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Month: March 2016

Midweek Message – 3/17/16 “All Souls?”

My spirituality is most active, not in meditation, but in the moments when: I realize God may have gotten something beautiful done through me despite the fact that I am an @**hole, and when I am confronted by the mercy of the gospel so much that I cannot hate my enemies, and when I am unable to judge the sin of someone else (which, let’s be honest, I love to do) because my own crap is too much in the way, and when I have to bear witness to another human being’s suffering despite my desire to be left alone, and when I am forgiven by someone even though I don’t deserve it and my forgiver does this because he, too, is trapped by the gospel, and when traumatic things happen in the world and I have nowhere to place them or make sense of them but what I do have is a group of people who gather with me every week, people who will mourn and pray with me over the devastation of something like a school shooting, and when I end up changed by loving someone I’d never choose out of a catalog but whom God sends my way to teach me about God’s love.
― Nadia Bolz-Weber, Accidental Saints: Finding God in All the Wrong People

Nadia Bolz-Weber is a Lutheran pastor in Denver. The quote above comes from her most recent book, Accidental Saints, which was the common read for my annual reading retreat/reunion with my seminary friends. I had the pleasure of hearing her speak last May at the Festival of Homiletics in Denver. The church she began in Denver (while still in seminary!) is named House for All Sinners and Saints, which is at once an aspirational name and quite the mission statement, and it ministers to many in Denver who might be considered to be living on the fringes of the community. The congregation lovingly shortens the name to “House for All.” It’s a church name that reminds me of our own UU aspirations for community ‑ there are so many of our congregations that bear the name “All Souls.” To those who are unfamiliar with Universalist theology, that might seem like a name dedicated to the reverence of people who have passed, of people who are in the past. I’ll admit, my own lingering Catholic schoolboy heart has often taken that phrase to mean just that, despite my own Universalism. It only takes a little imagination to tack Rev. Nadia’s “House for” onto that “All Souls” to begin to grasp the true meaning of the aspiration in the name ‑ and, given the challenges in her quote above ‑ to glimpse the real discipline it might take to build that “house for all.”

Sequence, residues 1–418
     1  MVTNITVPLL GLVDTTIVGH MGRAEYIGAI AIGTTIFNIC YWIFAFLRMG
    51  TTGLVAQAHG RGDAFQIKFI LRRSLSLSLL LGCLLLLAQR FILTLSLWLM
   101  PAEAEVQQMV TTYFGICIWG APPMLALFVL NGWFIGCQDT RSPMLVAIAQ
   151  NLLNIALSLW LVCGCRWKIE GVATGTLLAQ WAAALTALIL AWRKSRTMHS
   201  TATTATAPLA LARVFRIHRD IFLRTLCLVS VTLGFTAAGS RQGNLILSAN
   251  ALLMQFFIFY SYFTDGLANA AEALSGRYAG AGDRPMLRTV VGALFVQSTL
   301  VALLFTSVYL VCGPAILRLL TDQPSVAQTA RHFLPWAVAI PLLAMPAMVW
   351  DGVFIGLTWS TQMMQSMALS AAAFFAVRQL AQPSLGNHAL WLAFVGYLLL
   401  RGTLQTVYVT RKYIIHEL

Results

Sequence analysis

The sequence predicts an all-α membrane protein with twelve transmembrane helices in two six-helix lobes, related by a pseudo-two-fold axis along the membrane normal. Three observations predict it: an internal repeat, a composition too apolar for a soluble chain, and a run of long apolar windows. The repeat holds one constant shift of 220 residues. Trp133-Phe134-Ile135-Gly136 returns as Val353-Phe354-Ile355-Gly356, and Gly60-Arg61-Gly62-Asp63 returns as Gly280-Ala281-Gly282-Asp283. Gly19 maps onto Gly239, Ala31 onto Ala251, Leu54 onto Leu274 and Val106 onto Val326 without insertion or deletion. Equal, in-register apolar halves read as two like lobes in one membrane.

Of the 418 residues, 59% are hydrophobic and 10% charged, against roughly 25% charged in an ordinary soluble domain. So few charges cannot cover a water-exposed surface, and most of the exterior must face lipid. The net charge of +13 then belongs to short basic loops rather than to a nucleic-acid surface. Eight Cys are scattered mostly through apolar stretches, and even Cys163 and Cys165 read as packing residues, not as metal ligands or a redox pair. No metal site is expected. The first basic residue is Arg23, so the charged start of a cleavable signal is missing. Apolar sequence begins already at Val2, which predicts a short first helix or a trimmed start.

This Sunday at 10:30, “A Room for Every Soul” — one final exploration of what the community we dream of building might require of us. 

Midweek Message — 3/10/16 “Belonging From the Beginning”